So what CAN you do?

  • Surrender. Fighting contractions doesn't help. Loosen your muscles, your jaw, use deep breaths and deep tones, and let them come. One at a time.
  • Move. Move everywhere, all over the place, as much as you need. You will totally feel crazy, and nothing and nowhere is comfortable, but move anyway.
  • Let go. No inhibitions here. Let everything go, don't worry about the people around you, what you look or sound like, or what you SHOULD or SHOULDN'T be doing.


  • Cold rags. Are just awesome. For hot **extremely hot** faces, shoulders, necks, foreheads.....    & for cleaning up as well..
  • Basin. Gagging and puking is totally normal. Be ready to catch & clean it up quick so there isn't any more unnecessary discomfort for her.
  • Pay attention. If she's cringing at a touch from you or someone else, or shaking her head no, stop doing it, and THEN say something like "I won't do that if you don't want me to" If it helped, she'll let you know. Maybe.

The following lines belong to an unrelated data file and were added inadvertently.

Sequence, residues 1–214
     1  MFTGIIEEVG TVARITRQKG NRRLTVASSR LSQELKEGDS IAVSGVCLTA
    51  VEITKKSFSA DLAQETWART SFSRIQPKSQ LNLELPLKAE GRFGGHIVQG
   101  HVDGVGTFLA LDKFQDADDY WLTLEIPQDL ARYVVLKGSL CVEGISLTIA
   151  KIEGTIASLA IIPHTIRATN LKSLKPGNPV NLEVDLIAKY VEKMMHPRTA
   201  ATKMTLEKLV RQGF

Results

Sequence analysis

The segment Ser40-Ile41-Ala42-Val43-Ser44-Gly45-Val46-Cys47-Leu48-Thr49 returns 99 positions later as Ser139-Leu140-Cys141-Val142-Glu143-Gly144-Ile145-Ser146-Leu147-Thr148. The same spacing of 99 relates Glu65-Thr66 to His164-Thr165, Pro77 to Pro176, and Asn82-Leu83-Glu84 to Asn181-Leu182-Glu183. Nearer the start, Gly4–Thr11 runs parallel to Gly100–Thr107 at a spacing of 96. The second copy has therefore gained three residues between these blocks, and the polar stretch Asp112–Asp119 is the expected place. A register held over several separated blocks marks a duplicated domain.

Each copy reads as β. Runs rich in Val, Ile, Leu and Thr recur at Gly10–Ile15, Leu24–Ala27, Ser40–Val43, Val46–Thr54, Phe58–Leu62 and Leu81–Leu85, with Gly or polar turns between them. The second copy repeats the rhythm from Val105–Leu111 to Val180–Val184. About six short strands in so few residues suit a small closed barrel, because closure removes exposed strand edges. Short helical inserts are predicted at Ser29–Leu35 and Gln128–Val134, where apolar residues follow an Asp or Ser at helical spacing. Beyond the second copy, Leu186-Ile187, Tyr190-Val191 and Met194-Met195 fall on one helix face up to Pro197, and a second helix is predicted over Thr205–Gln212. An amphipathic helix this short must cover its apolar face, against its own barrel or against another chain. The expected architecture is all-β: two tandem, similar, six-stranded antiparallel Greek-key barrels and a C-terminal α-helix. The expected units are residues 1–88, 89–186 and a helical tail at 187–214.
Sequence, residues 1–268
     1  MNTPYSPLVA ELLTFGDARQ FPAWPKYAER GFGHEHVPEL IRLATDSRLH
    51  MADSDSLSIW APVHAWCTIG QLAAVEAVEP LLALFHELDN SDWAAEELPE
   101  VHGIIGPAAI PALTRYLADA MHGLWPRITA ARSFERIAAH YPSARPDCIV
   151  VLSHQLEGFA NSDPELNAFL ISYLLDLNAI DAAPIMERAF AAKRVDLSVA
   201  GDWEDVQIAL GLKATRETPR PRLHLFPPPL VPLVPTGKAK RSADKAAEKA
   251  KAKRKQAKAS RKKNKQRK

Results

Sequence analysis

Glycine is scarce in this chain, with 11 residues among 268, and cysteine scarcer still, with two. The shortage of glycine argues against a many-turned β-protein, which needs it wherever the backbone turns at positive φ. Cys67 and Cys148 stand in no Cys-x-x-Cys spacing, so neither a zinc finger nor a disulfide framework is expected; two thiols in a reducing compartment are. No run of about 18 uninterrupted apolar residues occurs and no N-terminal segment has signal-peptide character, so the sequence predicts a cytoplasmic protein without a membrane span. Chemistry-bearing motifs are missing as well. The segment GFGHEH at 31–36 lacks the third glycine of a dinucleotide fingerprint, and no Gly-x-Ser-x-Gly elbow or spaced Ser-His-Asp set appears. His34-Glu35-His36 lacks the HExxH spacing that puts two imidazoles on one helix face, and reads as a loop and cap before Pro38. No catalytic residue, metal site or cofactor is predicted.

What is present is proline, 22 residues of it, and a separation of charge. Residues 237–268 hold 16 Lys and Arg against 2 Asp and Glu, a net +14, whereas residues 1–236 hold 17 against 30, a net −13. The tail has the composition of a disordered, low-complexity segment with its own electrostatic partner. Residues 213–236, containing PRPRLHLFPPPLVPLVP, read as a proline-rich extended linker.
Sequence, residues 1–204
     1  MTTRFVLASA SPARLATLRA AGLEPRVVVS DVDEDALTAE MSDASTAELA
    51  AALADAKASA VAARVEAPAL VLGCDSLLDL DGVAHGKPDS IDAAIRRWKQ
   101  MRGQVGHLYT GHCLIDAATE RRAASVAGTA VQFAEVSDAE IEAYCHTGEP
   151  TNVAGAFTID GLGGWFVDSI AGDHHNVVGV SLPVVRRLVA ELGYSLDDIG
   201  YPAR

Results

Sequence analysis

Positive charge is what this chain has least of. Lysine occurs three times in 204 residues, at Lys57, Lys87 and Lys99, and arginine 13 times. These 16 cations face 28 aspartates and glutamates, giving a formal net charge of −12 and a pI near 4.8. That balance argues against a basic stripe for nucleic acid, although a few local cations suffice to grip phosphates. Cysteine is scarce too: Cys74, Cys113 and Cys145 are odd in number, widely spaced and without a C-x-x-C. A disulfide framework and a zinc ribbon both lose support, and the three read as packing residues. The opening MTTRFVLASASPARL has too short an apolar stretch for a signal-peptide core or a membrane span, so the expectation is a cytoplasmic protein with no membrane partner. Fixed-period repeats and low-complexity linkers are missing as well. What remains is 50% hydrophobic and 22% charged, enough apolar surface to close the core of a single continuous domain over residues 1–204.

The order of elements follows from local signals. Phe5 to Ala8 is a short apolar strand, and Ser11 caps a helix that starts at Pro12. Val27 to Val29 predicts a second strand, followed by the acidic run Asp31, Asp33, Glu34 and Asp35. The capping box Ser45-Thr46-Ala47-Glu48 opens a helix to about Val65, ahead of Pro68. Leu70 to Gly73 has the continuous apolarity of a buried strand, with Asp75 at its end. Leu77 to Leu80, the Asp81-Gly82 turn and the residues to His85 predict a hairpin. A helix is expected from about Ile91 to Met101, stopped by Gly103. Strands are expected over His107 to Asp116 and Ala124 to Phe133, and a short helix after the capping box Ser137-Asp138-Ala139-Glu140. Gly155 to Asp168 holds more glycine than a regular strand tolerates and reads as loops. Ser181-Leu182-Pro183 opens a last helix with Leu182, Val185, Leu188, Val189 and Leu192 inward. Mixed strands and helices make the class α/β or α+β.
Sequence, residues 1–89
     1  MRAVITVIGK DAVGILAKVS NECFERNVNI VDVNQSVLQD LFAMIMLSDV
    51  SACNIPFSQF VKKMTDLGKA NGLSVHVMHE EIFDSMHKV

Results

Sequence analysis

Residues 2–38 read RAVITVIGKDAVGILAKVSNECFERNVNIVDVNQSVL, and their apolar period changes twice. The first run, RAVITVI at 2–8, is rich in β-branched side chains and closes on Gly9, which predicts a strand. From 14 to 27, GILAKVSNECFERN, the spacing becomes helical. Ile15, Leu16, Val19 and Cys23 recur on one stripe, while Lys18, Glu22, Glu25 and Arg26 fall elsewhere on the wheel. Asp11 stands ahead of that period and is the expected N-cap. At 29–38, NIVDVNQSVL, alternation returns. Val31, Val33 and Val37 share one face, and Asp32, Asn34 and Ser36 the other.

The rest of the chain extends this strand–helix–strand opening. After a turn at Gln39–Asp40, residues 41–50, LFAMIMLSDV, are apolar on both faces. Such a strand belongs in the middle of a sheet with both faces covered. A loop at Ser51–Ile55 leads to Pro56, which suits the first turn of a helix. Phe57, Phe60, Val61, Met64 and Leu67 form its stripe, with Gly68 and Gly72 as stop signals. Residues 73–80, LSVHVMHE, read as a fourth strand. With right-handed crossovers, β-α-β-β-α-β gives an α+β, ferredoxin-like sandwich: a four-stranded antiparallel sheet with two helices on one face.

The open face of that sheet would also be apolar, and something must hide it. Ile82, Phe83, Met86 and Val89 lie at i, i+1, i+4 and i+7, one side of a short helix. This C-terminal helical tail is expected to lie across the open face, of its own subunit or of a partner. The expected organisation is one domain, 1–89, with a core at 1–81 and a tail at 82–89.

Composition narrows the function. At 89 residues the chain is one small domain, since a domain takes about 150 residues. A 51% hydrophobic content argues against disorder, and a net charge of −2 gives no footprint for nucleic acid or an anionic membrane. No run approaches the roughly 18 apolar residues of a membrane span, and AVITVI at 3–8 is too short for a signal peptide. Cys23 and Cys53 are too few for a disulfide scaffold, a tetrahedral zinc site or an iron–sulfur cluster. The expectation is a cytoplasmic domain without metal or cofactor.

• REMEMBER WHAT IS NORMAL! Most of this is normal. The behavior, the pain, crying or screaming, vomiting, bits of bloody or slimy things coming out... NORMAL. When things are not normal, your care providers will tell you. And you can always ask them.
  • Don't expect answers or conversation. We can't think straight, and the moments we can- ARE THE ONLY TINY BREAKS WE MIGHT GET. If she doesn't answer, let it be. Talking and answering questions, can feel like TORTURE during transition. Don't make her do it if she doesn't need to.